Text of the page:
Middle East Heavyweight



Little is known about the early inhabitants of Dubai, although stone tools and third and fourth-century pre-Islamic ceramics were discovered in the area. A Venetian merchant visited the area in 1580 and remarked on its pearling industry. Early in the 19th century, the Al Abu Falasa clan of Bani Yas clan established Dubai. On 8 January 1820, the sheikh of Dubai and other sheikhs in the region signed the General Maritime Peace Treaty with the British government. When Britain pulled out of the treaty in 1971, Dubai, Abu Dhabi and five other emirates formed the United Arab Emirates (UAE). Despite the formation of the UAE, border disputes between the emirates continued. These were finally settled in 1979, the same year the Jebel Ali port was established. Jafza, the Jebel Ali Free Zone, was established around the port in 1985, to allow foreign companies to import labour and export capital with no restrictions.

Getting There

South African Airways and Emirates fly direct from Johannesburg to Dubai. Qatar Airways stops over in Doha; and Ethiopian Airlines in Addas Ababa. KLM, Kenya Airways and British Airways also land in Dubai, although these flights also involve a stopover. All airlines land at Dubai international Airport.


Dubai International Airport, the main entrance into the city, processes about 40 million passengers a year. By September 2012, 6,000 flights to over 200 destinations were being processed every week by 130 airlines. The airport has been described as busy but efficient. Emirates built its own terminal here, at a cost of $4.5 billion. Until its codeshare agreement with Qantas, Emirates was the only airline to use this terminal, named Emirates Terminal 3. It is the largest building in the world by floor space (1,713,000m2) and handles 43 million passengers a year. In 2009, the airport installed a Category 11 landing system, which allows planes to land in low visibility conditions, such as fog.

The airport’s Business Class lounge in Terminal 1 is available to Business Class passengers whose airlines do not have their own dedicated lounges, as well as approved card holders. Stow your luggage, get a little work done, grab a shower or a nap and climb aboard your flight relaxed. The Emirates Business Class lounge is located in Emirates Terminal 3.


Residents of most African countries require a visa to enter Dubai, which needs to be prearranged. If you book your ticket with Emirates, they will be able to assist you in getting the paperwork you need.


Expect year round sunshine in this tropical desert climate. Summer temperatures soar above 40 degrees Celcius, with high humidity. In winter, temperatures drop to a much more manageable 23 degrees. The rainy season is between December and March.

Getting Around

Public transport is plentiful and safe. You can catch a chartered bus, metered and non-metered taxis, or the state-of-the-art driverless Dubai Metro trains. Dubai Transport Corporation metered cabs have vehicles dedicated to women and families, identified by their pink roofs. If you wish to rent a car, you will need an international drivers license and will need to show your passport when you collect your car. Driving takes place on the right hand side in the UAE.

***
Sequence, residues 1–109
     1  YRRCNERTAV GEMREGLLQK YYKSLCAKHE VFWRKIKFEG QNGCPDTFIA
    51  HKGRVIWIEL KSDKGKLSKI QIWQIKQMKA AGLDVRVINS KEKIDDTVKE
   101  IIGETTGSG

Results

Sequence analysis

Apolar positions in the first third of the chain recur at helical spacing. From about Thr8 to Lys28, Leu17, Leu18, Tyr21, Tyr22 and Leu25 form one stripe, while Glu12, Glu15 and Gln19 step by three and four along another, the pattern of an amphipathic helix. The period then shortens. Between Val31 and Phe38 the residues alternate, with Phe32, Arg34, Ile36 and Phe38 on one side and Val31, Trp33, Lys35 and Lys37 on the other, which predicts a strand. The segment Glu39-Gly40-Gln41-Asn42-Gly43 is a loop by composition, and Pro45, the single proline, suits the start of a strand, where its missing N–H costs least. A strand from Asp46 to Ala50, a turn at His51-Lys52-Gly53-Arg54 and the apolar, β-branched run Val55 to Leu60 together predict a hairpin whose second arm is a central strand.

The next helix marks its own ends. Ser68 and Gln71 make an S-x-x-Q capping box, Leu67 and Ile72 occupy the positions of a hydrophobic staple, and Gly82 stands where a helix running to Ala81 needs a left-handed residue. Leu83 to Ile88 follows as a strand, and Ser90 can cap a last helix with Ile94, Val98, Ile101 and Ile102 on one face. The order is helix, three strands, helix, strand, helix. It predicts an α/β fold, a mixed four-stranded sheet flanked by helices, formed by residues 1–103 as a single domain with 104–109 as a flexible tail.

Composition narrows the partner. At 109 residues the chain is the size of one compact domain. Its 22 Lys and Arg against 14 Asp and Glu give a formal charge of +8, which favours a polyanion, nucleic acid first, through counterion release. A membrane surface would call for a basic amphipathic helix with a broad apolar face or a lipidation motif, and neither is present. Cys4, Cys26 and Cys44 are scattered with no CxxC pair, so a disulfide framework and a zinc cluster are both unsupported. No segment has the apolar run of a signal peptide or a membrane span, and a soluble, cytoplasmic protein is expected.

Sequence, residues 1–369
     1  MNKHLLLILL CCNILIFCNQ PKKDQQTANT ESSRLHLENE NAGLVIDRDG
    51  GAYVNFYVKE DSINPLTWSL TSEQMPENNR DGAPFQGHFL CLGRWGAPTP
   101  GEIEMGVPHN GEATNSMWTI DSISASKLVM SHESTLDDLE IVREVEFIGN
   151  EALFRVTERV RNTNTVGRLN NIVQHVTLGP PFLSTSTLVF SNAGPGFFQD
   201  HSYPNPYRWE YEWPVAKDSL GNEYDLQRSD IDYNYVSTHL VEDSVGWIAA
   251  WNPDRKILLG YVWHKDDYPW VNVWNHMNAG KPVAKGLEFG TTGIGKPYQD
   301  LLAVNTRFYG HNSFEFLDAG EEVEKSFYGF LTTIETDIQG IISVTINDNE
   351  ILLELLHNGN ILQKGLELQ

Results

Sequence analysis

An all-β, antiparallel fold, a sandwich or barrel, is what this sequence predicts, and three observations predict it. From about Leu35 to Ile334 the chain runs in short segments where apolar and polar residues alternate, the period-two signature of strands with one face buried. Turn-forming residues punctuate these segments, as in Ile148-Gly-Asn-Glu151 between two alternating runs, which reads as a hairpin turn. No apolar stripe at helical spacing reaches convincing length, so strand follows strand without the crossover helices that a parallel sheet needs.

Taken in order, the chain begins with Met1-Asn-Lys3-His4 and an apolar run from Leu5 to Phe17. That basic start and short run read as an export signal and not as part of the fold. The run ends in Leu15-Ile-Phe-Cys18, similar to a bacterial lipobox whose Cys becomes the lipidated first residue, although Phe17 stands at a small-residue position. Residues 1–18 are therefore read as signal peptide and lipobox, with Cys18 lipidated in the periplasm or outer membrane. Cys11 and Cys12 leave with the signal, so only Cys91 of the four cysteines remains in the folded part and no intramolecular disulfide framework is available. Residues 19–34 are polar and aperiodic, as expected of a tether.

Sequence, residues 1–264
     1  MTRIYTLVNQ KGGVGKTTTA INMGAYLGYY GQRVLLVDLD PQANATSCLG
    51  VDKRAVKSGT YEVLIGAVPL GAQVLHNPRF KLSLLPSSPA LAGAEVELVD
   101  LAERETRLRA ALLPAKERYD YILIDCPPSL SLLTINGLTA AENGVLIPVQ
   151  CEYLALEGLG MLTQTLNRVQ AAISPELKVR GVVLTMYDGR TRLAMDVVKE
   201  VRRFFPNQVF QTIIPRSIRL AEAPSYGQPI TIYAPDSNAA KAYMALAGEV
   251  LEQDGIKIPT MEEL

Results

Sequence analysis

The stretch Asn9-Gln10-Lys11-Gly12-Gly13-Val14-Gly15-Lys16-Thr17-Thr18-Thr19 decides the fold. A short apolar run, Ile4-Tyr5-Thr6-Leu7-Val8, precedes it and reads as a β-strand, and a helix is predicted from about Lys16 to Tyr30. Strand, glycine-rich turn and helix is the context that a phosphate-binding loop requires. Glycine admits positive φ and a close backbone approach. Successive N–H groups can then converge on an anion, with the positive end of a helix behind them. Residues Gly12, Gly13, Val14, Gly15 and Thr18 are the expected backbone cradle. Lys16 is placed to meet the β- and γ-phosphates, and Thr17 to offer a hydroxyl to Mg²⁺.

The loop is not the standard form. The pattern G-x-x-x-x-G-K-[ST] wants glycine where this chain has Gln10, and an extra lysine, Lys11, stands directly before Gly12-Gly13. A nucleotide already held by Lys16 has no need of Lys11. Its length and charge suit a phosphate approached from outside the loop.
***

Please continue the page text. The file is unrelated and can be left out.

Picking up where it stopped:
Things To Do

You’ll never be bored here. There are so many things to do, so your only potential problem is finding the time to fit them all in. The world’s current tallest building, the Burj Khalifa, reaches a little over 800 metres into the desert sky. The observation deck on the 124th floor, At The Top, offers the best view of the sprawling city. A tour of the Burj Khalifa takes about an hour and a half, although once you’ve bought your ticket, and been whisked upwards at 10 metres per second on the high-speed elevator, you can stay as long as you like. Visit www.burjkhalifa.ae/en/ for more information. Atlantis, The Palm is a 1,539-room, ocean-themed destination resort situated on the Palm, a man-made island to the east of the city, stretching into the Persian Gulf. Developed by the same guy credited with Sun City in South Africa – Sol Kerzner’s Kerzner International, in a joint venture with Istithmar – Atlantis, The Palm is home to the Aquaventure Waterpark and Dolphin Bay, where you can swim with a pod of these friendly marine mammals. Visit www.atlantisthepalm.com for more information. Or you can shop up a storm in any of Dubai’s 70-odd shopping malls, or spend some time in the sand dunes outside the city, or go snowboarding at Ski Dubai, part of the Mall of the Emirates, one of the largest malls in the world. Alternatively, take a dhow cruise down Dubai Creek. The list is endless.


The UAE has little tolerance for what it perceives as drugs, and ignorance of the law will not earn sympathy. What we consider over-the-counter, self medication, may very well be interpreted as unacceptable drugs by UAE officials. It’s not unheard of to suffer prosecution for being in possession of controlled substances. If you are taking prescribed medication, take the doctor’s prescription with you to avoid confusion. If you’re in the habit of carrying over-the-counter pain killers and the like with you, make sure you check your medication with a UAE embassy before you depart.

Dubai App

Definitely Dubai is freely available on both the Apple iTunes store and the Android store. Use it to locate attractions, hotels, restaurants and shopping malls. There’s a map of the city, a guide to restaurants, hotels, shops, spas and salons, a currency converter, useful numbers, special deals on a range of services, and an events guide.

Kate Kennedy

Fact File

Population: 2,106,177
Time zone: GMT +4 hours
Plugs: Three-pin square, British style
Dialling code: +971
Currency: UA Dirham
Language: Arabic, but being the melting pot Dubai is, English is widely spoken
Religion: Islam



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